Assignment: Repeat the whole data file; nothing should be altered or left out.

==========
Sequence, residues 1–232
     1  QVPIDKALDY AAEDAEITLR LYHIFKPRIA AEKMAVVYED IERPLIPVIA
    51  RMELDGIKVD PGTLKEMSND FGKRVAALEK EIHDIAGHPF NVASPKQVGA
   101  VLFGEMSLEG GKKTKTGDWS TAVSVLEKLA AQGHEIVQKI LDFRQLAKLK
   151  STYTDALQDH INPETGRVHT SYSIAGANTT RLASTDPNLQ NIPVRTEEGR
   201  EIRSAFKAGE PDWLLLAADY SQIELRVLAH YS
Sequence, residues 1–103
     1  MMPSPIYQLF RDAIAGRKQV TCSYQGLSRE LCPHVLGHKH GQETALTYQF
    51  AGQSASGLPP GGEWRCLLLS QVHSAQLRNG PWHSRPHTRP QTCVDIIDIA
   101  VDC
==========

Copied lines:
Sequence, residues 1–232
     1  QVPIDKALDY AAEDAEITLR LYHIFKPRIA AEKMAVVYED IERPLIPVIA
    51  RMELDGIKVD PGTLKEMSND FGKRVAALEK EIHDIAGHPF NVASPKQVGA
   101  VLFGEMSLEG GKKTKTGDWS TAVSVLEKLA AQGHEIVQKI LDFRQLAKLK
   151  STYTDALQDH INPETGRVHT SYSIAGANTT RLASTDPNLQ NIPVRTEEGR
   201  EIRSAFKAGE PDWLLLAADY SQIELRVLAH YS
Sequence, residues 1–103
     1  MMPSPIYQLF RDAIAGRKQV TCSYQGLSRE LCPHVLGHKH GQETALTYQF
    51  AGQSASGLPP GGEWRCLLLS QVHSAQLRNG PWHSRPHTRP QTCVDIIDIA
   101  VDC